• One of the first graders asked me to hang out together!! We actually hung out at a mall at Ebina station! We had some Japanese food and a Starbuck's Halloween Special Drink which was very sweet but delicious. We wanna watch Fantastic Beast 2 together once it's out. I was so happy on that day :D

Thursday (25th):

  • Had "P.E. theory" (more like health/body/sports education) and once again the teacher had me introduce myself and also was like "Don't worry about your English, she speaks Japanese very well!". A group of 4 very amusing and cheerful people were to be my group and we had some fun. Furthermore since the lesson was about alcohol and it's consequences I was asked about Germany and it's alcohol policies. People were surprised by the fact, that students (at age 16) are allowed to drink beer (in Japan you gotta be 20).
  • Maths again and some English classes. Then I ate alone because I was too shy to search for potential friends to eat with me or ask them out (didn't find smile face and her gang). Was too shy to ask any 12th or 10th graders if I could eat with them. So I went to my good old 11th graders classroom and ate alone. So it's been the second time in total, that I've eaten lunch alone. And the funny thing is, I could've left already because there were no other classes I could join on that day. But I wanted to study a little and write something for a presentation I will be giving with other students. And went home alone, because the girl I asked out to go together was busy and I didn't want to ask person after person until I find one. I should really try harder and just swallow the pill of being a little annoying, pushy and desperate. Because I indeed am desperate for friends. Although I do not mind going to the station alone that much. But I guess it would help making friends because I could have conversation outside the classroom.
  • People from Taiwan were coming back, so I wanted to settle the plans for the badminton thing we wanted to have on Friday (it was a day off for the 11th graders who had been to the Taiwan trip). But unfortunately, the girl I always walk to school with and wanted to play badminton with, became sick, so we had to cancel :( Maybe another time.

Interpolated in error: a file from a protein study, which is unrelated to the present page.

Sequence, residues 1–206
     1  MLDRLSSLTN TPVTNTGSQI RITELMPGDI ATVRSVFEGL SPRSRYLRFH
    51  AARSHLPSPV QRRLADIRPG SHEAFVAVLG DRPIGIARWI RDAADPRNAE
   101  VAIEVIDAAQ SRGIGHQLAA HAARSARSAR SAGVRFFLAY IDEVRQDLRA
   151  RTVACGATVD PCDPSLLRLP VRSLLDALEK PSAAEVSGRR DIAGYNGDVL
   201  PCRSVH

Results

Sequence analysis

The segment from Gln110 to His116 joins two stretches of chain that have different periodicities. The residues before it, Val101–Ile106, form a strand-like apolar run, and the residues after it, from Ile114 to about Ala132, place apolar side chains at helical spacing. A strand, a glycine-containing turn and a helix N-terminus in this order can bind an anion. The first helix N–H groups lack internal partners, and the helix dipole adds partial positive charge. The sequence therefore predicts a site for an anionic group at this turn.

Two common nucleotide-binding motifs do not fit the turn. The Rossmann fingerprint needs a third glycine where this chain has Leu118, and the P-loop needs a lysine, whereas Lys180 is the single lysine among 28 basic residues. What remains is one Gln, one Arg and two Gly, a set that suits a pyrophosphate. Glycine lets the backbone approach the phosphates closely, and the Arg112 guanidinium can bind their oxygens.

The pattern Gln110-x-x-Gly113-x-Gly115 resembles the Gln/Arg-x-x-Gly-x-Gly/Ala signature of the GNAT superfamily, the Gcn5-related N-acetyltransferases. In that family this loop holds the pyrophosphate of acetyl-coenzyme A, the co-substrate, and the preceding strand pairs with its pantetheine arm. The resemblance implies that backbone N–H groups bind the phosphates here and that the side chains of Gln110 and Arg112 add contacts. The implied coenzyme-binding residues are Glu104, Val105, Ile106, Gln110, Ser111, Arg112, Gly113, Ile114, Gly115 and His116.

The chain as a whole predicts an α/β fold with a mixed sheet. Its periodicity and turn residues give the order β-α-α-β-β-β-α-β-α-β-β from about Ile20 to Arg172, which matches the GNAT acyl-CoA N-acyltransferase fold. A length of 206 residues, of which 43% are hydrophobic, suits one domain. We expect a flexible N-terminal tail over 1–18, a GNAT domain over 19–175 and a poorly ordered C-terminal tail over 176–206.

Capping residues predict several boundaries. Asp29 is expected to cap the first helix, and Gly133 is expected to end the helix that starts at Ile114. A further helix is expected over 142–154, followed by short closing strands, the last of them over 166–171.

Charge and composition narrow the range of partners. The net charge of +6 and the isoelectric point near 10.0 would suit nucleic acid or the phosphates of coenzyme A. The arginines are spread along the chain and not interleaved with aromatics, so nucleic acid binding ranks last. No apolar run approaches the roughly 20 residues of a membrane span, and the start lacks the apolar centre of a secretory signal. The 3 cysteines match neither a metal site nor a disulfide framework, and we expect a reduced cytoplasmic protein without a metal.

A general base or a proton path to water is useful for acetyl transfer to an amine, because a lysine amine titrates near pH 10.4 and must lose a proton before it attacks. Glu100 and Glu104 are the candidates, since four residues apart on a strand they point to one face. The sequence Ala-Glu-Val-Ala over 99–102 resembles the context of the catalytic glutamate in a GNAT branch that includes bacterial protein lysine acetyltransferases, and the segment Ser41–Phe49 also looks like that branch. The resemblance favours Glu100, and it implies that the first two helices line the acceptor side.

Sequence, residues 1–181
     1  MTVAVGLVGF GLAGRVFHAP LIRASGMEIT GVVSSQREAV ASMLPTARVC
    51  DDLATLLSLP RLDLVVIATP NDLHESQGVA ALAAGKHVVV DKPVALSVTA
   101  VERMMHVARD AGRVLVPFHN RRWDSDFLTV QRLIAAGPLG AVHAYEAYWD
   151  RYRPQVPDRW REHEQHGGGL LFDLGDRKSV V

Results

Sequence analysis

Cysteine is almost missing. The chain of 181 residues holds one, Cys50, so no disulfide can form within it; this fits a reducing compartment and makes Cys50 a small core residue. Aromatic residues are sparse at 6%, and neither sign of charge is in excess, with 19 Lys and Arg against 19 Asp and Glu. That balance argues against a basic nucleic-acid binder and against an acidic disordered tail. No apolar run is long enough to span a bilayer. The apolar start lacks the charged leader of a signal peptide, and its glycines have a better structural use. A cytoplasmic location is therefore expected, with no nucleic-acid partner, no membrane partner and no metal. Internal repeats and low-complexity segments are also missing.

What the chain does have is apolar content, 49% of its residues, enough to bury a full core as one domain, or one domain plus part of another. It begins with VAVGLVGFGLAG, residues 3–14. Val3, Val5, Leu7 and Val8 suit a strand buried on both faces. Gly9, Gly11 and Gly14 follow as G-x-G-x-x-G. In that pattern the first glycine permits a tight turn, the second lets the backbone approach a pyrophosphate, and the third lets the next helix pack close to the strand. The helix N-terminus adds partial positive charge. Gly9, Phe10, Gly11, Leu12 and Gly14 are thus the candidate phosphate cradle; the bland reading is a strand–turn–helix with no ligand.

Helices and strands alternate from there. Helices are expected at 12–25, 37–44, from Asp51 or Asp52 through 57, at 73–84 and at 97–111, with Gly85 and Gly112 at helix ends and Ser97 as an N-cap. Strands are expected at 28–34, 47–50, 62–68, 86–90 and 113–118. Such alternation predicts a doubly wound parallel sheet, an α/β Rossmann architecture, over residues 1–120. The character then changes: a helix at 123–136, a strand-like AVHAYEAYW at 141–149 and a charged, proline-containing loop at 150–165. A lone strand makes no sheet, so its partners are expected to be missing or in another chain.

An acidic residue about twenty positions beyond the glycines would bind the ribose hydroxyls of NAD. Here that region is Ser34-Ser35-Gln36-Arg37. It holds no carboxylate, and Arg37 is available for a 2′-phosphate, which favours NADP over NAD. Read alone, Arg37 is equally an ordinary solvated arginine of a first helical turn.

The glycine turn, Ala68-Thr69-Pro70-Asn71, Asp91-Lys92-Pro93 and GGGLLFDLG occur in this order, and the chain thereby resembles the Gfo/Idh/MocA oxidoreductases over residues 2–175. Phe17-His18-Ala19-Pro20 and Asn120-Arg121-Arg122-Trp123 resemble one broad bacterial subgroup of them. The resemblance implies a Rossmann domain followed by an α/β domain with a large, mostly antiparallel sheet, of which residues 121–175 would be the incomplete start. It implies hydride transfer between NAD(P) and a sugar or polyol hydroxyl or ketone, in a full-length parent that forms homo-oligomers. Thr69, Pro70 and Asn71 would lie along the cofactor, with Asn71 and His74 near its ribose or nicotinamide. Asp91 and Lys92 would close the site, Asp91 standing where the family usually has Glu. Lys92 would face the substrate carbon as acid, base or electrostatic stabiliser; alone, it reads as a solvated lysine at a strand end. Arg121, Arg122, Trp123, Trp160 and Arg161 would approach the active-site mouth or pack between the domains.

Friday (26th):

  • Went to the Kindergarten of my hostbrother to watch a English lesson with my hostmum and other mums. Very cool and interesting. And the kids are really good and seem to enjoy the singing and movements (e.g. the "Head and Shoulders" song thing (ah~ elementary school memories [SHOUTOUT TO (one of my) BEST FRIEND(s): Remember the good old days, nee-san? Pepperridge Farm remembers. But maybe we sang that song in class when you and I were not best friends yet, because you didn't even know I existed :( XD; also small SHOUTOUT to my elementary school: See, what I've become. Thanks for the good memories and education.]).
  • We had choir practice at Yamato Hall (SIRIUS), where we will be singing. A famous lady will read a poem and at specific stops choirs (not only ours) will sing different songs. I'm already excited! And fascinated by the venue, but you are not allowed to take pictures in the hall, sorry. Had some real good conversation with one of the girls. The 11th graders who came back from Taiwan also attended the practice so we had a good conversation starter topic. We made out for the new Disney "Winnie, the Poo" movie, that I actually wanted to see anyway (big Disney fan #TeamAnna) and pondered about whom to watch it with. So relieved and happy I found someone ;P But I kind of regret not talking so much with the person, I first got to know from the choir. It seemed rather difficult to switch from one to another conversation partner :( I'll try harder next time!